Would you like to hear about my drug dealer, Pinkman? I'm going to assume that's a yes, not as some credit to my narrative ability, but because hello. Drugs. Pinkman.

The first thing you need to know about Pinkman is that his name isn't Pinkman. His name is Kenny. Incidentally, his predecessor, the guy who passed me along to Pinkman when he retired (his word), was also named Kenny. When I found out I was being handed off to a new Kenny, I started to wonder if maybe every drug dealer in Los Angeles goes by the name Kenny, as some sort of easy, anonymous code nom de guerre. Actually, I haven't stopped wondering that. So if anyone can confirm or deny, let me know.

Anyway, Kenny became Pinkman as soon as I was finished watching Breaking Bad a couple of months ago. I grabbed my phone and changed his contact name within minutes of the finale ending. (I don't kid myself that I am the only person in America amused by calling her dealer Pinkman. I enjoy it nevertheless.)

I met Pinkman when he delivered four grams of MDMA to me, at my home. I know what you're thinking. Four grams? At your home? Or, if you're not familiar with the dosage and selling of drugs, maybe you have no idea how much four grams is (it's quite a lot). Still, I'm guessing you're wondering at the weirdness of a drug dealer who does house calls.

Yeah, that part is unusual. But I had a broken foot. And I had been asked to procure the Molly as a favor for a friend going to a festival. (He planned on sharing it with several others.)

Pinkman, who was only persuaded to make the trek downtown by virtue of my large order, showed up at my door with a backpack, a boyish grin, and a shock of blonde hair that hung sweetly down the side of his face. I don't know what I'd been expecting, but it certainly wasn't the near-teenager that strode casually into my loft, dropped his bag unceremoniously to the floor, and started playing with Chaucer as if they'd known one another for years.

I didn't know whether to hand him the four hundred dollars we'd agreed upon or pour him a glass of Sunny Delight. And I was suddenly keenly, painfully aware of my age.

Pinkman (then still Kenny) eventually got down to business, but only after complimenting my apartment ("Your place is sick!") and inquiring rather solicitously about my injury. Reaching into his backpack, he asked if I had a coin.

"A coin?" I echoed dumbly.

"Yeah, like a nickel or something. To calibrate the scale." He set a small electronic scale on my kitchen island, along with a plastic baggie filled with what looked like glittering, pale lavender sand. I fished a nickel out of the dish on my sideboard and watched him expertly measure, chatting to me all the while. We compared notes on festivals, on DJs and venues in LA, and on drug use.

"You tried Lucy yet?" (He glanced up at me when he asked this.)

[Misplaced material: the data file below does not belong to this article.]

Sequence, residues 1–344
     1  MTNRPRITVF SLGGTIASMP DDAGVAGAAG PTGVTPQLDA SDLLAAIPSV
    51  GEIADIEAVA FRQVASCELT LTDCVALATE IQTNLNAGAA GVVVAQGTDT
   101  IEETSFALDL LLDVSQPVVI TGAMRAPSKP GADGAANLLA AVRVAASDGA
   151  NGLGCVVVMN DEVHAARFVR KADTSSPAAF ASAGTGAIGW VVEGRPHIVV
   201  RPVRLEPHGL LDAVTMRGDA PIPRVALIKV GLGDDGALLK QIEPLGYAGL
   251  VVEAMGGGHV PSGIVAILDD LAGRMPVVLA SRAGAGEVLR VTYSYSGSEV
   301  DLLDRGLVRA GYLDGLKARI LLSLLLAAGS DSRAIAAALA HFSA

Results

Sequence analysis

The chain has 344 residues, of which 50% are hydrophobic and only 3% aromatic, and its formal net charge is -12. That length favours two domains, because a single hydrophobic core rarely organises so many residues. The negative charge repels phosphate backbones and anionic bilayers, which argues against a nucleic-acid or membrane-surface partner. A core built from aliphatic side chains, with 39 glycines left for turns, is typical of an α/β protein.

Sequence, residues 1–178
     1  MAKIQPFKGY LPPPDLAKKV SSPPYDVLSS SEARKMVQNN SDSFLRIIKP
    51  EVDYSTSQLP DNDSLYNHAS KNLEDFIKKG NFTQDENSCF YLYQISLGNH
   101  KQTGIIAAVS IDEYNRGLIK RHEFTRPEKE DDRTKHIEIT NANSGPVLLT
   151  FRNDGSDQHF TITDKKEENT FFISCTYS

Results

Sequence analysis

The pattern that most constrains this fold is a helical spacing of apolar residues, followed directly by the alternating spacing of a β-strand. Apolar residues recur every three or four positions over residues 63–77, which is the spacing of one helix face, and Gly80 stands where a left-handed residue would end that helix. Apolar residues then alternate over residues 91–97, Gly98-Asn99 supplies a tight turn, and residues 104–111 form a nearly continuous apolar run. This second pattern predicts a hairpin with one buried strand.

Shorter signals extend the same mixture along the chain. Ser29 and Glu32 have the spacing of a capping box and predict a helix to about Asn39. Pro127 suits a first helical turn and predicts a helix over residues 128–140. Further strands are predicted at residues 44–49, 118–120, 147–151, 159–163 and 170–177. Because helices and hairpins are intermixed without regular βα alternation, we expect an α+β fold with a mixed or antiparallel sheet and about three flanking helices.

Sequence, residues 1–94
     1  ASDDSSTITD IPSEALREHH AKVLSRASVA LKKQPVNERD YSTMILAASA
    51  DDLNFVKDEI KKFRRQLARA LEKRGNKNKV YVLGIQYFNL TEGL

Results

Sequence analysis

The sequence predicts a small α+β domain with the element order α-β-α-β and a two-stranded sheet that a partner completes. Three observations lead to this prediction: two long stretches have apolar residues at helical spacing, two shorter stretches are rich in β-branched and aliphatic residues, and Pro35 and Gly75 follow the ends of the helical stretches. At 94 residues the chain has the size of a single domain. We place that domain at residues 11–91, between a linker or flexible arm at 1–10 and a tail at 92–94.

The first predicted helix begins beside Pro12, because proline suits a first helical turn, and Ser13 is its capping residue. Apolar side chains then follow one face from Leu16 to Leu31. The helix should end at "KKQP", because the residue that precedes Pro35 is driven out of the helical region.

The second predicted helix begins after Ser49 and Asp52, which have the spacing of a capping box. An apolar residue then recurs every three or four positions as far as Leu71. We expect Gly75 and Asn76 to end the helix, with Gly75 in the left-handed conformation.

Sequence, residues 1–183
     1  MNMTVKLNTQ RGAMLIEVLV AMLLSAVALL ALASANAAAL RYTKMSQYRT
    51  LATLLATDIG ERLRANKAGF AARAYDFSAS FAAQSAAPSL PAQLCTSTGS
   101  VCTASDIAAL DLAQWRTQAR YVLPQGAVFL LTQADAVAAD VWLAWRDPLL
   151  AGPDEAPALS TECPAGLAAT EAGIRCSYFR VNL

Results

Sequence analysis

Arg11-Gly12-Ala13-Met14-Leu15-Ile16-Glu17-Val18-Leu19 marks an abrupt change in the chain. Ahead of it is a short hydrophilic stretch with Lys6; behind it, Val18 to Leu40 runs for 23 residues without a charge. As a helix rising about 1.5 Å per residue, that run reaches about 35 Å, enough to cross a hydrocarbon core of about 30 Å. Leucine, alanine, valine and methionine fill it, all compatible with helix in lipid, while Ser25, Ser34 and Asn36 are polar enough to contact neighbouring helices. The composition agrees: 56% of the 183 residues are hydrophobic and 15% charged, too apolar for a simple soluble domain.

"No," I said, excitedly. "But I've always wanted to! Can you get it?" (I was assured he could. I was further assured that if I liked mushrooms, I would love LSD.)

The ease with which this youth was handling both himself and the very adult subject matter, combined with my own physical discomfort (I was still on crutches), made me strangely nervous. I didn't quite know what to do with myself, so in an attempt to seem equally comfortable, I hoisted myself onto the island, to sit beside the scale he was now hunched over. I felt immediately ridiculous, like I was trying to cozy up to the cute boy in chemistry class. I slid back off the counter and hobbled around to the sofa. Chaucer stayed put, riveted by Pinkman, staring up at him in hopes of another round of tug-o-war.

Our exchange concluded, Pinkman left as quickly as he'd come in, leaving my apartment feeling slightly buzzy in the way that rooms do when emptied of loud teenagers. I'd find out later he's twenty-four.

An hour or so after he'd gone, Pinkman texted to say that he hoped my foot was better soon. When I thanked him, he replied No prob. You're a doll compared to my usual customers lol. I cringed, knowing he meant it as a compliment but inferring that he perceived my politeness as a function of my age. At a loss how to respond, I finally went with Aww, well you're way cooler and nicer than anyone else I've bought from. :). I was afraid that outright referring to him as the nicest "dealer" I'd met would be in some way crass or unkind. He was, after all, also a musician. I didn't want to hurt the kid's feelings.

Lol good. You're super rad as well. Til next time adios and tell the dog goodnight? The question mark did me in - or maybe it was "super rad" - and I couldn't help myself; I sent back a favorite photo of Chaucer, a dSLR shot I'd taken and edited a couple years prior. Pinkman didn't respond. Again, inexplicably, I felt like an awkward high schooler. I chastised myself for sending the pic unsolicited.

I'd hear from him again soon, though.